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    On holy ground

    God said to Moses, “Remove your shoes, for the place where you stand is holy ground” (Exodus 3:50).

    The place where we stand on Rosh HaShanah is also holy ground. We do not have to remove our shoes (though we do on Yom Kippur), but what we have to put aside are the concerns that fill our minds throughout the rest of the year.

    These concerns which have no place on Rosh HaShanah are jealousy, rivalry, egotism and selfishness, attitudes which put down other people and leave no room for them, especially if their race, religion, politics and possessions are different from mine.

    I had a friend who used to say that in God’s eyes we were all the same because “your grandmother and mine dried their washing under the same sun”.

    On holy ground there is tolerance. But somehow there is also intolerance; Professor Alexander Altmann said, “There are both tolerance and intolerance in the Jewish tradition”.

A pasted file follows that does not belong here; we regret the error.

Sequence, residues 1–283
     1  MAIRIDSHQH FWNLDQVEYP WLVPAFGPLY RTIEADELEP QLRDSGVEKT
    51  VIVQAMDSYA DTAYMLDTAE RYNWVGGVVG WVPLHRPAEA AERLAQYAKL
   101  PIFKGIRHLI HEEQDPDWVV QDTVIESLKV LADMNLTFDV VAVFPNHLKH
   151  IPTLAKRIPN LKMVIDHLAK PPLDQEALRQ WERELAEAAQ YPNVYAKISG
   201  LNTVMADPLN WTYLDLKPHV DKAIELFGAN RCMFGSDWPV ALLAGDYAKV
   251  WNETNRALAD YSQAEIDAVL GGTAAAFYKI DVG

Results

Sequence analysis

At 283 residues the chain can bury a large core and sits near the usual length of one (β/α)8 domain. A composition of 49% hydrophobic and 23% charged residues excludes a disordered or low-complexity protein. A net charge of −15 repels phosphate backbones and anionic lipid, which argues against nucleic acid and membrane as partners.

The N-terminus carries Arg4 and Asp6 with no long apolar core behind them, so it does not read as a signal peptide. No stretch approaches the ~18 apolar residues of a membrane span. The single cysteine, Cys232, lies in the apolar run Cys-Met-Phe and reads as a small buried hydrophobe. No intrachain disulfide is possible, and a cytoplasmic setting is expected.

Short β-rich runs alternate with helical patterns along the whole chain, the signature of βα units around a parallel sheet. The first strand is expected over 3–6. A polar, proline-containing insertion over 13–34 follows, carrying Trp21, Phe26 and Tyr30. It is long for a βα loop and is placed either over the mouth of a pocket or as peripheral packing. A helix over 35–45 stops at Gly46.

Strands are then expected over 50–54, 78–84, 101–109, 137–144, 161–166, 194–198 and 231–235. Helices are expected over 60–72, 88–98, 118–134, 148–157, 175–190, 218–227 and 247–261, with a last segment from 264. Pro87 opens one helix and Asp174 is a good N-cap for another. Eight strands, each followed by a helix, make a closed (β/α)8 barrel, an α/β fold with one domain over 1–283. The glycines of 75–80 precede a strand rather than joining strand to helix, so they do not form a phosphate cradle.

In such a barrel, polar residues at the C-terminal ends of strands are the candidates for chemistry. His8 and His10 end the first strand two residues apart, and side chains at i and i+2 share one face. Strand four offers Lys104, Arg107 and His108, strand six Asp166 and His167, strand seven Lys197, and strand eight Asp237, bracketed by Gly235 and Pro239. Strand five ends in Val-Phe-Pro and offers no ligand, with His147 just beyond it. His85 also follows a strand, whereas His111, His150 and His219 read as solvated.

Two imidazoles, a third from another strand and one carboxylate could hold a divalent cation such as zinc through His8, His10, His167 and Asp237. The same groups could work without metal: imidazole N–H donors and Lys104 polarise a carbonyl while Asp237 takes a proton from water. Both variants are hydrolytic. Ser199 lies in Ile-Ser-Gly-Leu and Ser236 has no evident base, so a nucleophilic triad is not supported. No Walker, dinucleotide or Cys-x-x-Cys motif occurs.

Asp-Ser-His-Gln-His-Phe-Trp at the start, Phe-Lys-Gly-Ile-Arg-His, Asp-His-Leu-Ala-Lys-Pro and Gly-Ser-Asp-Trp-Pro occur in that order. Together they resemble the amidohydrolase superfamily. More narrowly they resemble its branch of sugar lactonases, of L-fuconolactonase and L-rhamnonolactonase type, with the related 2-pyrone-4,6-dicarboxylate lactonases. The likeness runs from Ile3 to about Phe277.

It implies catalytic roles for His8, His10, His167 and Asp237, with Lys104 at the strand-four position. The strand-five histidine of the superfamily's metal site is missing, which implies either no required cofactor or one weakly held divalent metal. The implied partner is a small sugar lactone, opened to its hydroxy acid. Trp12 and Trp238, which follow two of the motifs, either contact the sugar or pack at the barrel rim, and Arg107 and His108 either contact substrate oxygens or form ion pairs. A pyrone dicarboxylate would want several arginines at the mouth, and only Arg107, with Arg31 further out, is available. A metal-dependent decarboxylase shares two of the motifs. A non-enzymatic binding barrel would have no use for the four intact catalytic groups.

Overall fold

The tolerance is not that of a polytheistic society when one man’s god is as good as another’s. It is the kind of tolerance which is “a radical innovation in the history of religion”, a tolerance which gives everyone a right, a dignity, an identity, all living their lives under the same sun.

    The intolerance is of ideas of superiority that say, “I have every right to be myself… but if you want the same right for yourself, I have the right to kill you so that you do not pollute the earth”.

    On the holy ground of Rosh HaShanah the Jew says, “Surely we can smile at each other and enjoy the same sun.”

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